Day one of Manning trial focuses on intent of WikiLeaks source
The military trial of admitted WikiLeaks source Bradley Manning began Monday morning in Fort Meade, Maryland, more than three years after he was arrested in Iraq.
Manning, a 25-year-old soldier who reached the rank of private first class in the United States Army, has been in pretrial custody since May 2010. He could spend the rest of his life in prison if a military judge convicts him at the end of the trial for providing support to al-Qaeda.
In a small courtroom outside of Baltimore early Monday, Army prosecutors painted a picture of Pfc. Manning that portrayed him as a traitor that released files to WikiLeaks with intent to cause harm to the US. Manning’s defense counsel David Coombs insisted otherwise, however, and rejected the government’s argument that the soldier made contact with the anti-secrecy website in order to bring harm to the country he had taken an oath to protect.
Manning previously pleaded guilty to a number of lesser charges lobbed by the US government, but his counsel’s biggest challenge will occur during the court-martial, when they are faced with defending the private against counts of aiding the enemy and espionage.
Day one of the court-martial got underway around 10am Monday with Army prosecutors presenting a slideshow that paved the way for how they intend to prove that Pfc. Manning went to WikiLeaks will ill intentions. By presenting an outline of the evidence they plan to present as the trial continues trough the summer, prosecutors said they will show that Manning knowingly aided the enemy.
“This is not a case about an accidental spill of classified information” or “a case about a few documents left in a barracks,” prosecutors said.
“This, your honor, this is a case about a soldier who systemically harvested hundreds of thousands of documents from classified databases, and literally dumped that information onto the Internet in the hands of the enemy,” putting the lives of his fellow soldiers at risk.
“This is a case about what happens when arrogance meets access to sensitive information.”
Prosecutors also argued that Manning conspired with WikiLeaks founder Julian Assange, citing chat logs alleged to have occurred between the two in which Manning discussed classified intelligence that was publically requested and discussed by the WikiLeaks Twitter feed.
“We would like a list of as many .mil email addresses as possible. Please contact email@example.com,” one tweet read in part. Manning is accused of supplying WikiLeaks with a list containing the personal information of 74,000 troops shortly thereafter, and the Army may be able to prove that the soldier took a cue from Assange, likely setting the stage for an eventual case against Assange that could finally pressure his extradition to the US.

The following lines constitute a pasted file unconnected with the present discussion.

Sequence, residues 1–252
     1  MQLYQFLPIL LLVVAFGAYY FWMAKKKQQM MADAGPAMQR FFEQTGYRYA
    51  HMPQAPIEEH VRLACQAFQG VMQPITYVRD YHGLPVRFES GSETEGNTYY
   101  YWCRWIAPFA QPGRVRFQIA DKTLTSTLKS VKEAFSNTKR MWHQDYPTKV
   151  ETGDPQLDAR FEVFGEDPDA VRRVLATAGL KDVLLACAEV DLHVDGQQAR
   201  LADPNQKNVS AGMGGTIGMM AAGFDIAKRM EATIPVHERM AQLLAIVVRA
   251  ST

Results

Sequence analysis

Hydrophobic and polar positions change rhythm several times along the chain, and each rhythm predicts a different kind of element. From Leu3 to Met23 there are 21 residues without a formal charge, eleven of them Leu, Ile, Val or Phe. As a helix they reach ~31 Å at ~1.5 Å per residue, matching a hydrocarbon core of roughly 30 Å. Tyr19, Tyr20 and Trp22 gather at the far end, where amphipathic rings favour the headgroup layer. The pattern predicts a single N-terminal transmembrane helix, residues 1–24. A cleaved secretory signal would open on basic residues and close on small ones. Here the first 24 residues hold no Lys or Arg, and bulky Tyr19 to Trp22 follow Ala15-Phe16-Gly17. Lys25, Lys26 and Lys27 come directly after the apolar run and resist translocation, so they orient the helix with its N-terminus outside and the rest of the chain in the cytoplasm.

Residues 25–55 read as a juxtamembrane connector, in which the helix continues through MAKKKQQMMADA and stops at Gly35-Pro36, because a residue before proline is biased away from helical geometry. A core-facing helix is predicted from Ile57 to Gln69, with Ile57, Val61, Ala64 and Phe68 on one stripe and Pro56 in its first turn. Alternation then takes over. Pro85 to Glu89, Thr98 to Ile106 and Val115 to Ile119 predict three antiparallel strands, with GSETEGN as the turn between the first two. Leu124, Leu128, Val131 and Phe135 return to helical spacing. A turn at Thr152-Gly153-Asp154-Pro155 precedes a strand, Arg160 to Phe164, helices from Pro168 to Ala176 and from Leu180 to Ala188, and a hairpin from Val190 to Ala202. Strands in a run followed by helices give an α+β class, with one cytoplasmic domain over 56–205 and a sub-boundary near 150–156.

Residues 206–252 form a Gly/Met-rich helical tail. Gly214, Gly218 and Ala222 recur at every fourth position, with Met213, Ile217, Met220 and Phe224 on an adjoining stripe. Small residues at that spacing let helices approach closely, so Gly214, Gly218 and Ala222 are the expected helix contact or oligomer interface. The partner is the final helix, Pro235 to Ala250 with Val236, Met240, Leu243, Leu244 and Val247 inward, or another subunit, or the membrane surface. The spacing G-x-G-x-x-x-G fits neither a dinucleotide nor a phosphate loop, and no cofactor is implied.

But earlier this year, Manning testified during pretrial hearings that he was never sure who he communicated with during his few chats with a WikiLeaks staffer the government alleges to be Assange. Manning admitted to sending hundreds of thousands of files to WikiLeaks during a February 2013 statement, and on Monday his attorney said he had a very good reason for that.
Speaking of one file Manning admitted to leaking — a video of a US Apache chopper opening fire and killing civilians — Coombs said Manning sent it to WikiLeaks in hopes of bringing change to a war in Iraq being fought in a way very much unlike it was being reported.
“When he decided to release this information, he believed that this information showed how we value human life,” Coombs said. “He was troubled. And he believed that the American public saw it they too would be troubled. And maybe things would be changed,” he said.
Manning also has been attributed with leaking an entire trove of
sensitive files to the website, including State Department
diplomatic cables, Guantanamo Bay detainee assessment files and
other materials. Before he concluded his brief opening statement,
Coombs offered insight as to why his client did as charged.
“He released these documents because he was hoping to make the world a better place,” Coombs said. “He was 22 years old. He was young. He was a little naïve in thinking the information he selected could actually make a difference, but it was good intentions.”
“He had absolutely no actual knowledge that the enemy would get access to it,” Coombs said.
The prosecution called a handful of witnesses on Monday,
including the Army officials who began the investigation into
Pfc. Manning in May 2010 and his roommate in Iraq. The trial will
enter day two on Tuesday and is expected to run through the